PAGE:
Free Will - Freedom of Choice - Individuality
Is it just an illusion?
The human brain is a fascinating organ that is largely still a mystery. The expanse of our unyielding grey matter continues to tempt droves of inquisitive people to explore its depths in order to understand, leverage and exploit its potential.
In 2012, I became aware of the musical talents that were unleashed on a person by the name of Derek Amato who acquired the ability to compose and play the piano after sustaining a rather serious head injury. This man’s life changed when he unveiled a remarkable musical talent that seemingly had always existed, albeit locked away deep within the recesses of his brain.
There are other cases that have been reported where these hidden savant like talents have emerged post a person’s head trauma. Although, it is deemed to be rare in occurrence, the point here is that it can and does happen. What fascinates me the most is that it appears that the recipients of these new talents don’t seem to have previously held an obsessive interest in the area to which their talent is presented.
There was a man who was known as the sleeping prophet in the late 1800’s who was called Edgar Cayce. In a transient state he was able to execute medical diagnosis’s of people, make predictions and had on occasion referenced past lives. Of all the psychics I have researched, his story seems to in my opinion, hold some validity. Given my penchant for writing fiction, I tend to explore the world from the parameter of anything that we conceive or are yet to conceive, holds possibility. I don’t discount the probability that we have experienced life in various forms, nor do I close myself off to the idea of clairvoyance. Which leads me to my desire to pich to you my next thought.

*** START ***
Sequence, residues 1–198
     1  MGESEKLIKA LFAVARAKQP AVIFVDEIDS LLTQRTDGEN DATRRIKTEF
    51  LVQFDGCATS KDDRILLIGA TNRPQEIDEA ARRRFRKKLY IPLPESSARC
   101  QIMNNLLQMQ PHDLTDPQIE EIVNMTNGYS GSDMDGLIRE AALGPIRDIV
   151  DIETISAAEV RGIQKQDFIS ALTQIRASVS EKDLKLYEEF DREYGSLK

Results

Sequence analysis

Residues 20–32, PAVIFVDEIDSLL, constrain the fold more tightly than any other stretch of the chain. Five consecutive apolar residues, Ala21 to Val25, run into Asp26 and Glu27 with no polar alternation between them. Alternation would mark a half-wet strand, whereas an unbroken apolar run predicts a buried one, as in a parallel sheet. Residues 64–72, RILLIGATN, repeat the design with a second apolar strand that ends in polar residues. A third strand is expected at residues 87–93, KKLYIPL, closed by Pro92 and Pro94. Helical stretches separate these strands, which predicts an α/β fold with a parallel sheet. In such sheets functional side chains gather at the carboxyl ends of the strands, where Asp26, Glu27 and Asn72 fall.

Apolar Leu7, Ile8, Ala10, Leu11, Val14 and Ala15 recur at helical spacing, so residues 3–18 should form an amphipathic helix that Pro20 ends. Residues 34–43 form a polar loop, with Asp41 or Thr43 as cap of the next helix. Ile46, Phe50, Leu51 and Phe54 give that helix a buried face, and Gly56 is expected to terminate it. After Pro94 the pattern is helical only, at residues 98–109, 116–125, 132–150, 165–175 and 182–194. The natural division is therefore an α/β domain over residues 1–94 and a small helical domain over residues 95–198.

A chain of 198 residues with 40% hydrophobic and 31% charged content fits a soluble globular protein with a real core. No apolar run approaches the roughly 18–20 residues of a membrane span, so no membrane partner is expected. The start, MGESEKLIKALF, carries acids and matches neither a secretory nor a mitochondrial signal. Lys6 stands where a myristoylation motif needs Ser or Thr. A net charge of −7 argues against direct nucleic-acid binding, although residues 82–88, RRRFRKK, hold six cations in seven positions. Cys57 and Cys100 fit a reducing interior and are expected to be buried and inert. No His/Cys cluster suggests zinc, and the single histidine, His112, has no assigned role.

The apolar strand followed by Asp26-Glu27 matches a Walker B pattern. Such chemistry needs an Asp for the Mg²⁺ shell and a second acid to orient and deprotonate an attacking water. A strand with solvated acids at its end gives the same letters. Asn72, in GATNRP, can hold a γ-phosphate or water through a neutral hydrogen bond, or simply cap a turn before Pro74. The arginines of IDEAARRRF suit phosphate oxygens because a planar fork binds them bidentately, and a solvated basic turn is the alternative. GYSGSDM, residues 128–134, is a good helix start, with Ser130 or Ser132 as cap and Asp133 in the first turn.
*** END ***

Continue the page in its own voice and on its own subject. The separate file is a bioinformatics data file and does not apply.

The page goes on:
What if the trauma sustained by an individuals head injury creates a bridge in the cerebral vortex that reconnects to an aspect of a persons past lifetimes and that the only reason we rarely detect the occurrence of this hypothesized new synapses, is because we only identify the possibility of its existence in individuals who had displayed an exceptional talent acquired post the trauma. It is easy to overlook a change in a persons disposition and personality if the adjustment is negligible.
Does it sound too far fetched?
People who are having organ transplants are being studied as it appears that the recipients can alter in personality and indeed appear to gain the dominant traits of the donor. How is that possible? It’s only an organ right?
“Logic will get you from A to Z; imagination will get you everywhere.” – Albert Einstein
The complexities of the minutiae are slowly being peeled back to show that our concept of free will, freedom of choice and individuality are comprised of far more than just our mind. We are driven by all aspects of influence that stems from the cells within our bodies, right through to the bacteria and parasites that we host. Then there are the obvious plethora of external factors of environment, culture, belief systems, that add a spectrum of conscious and unconscious overlays.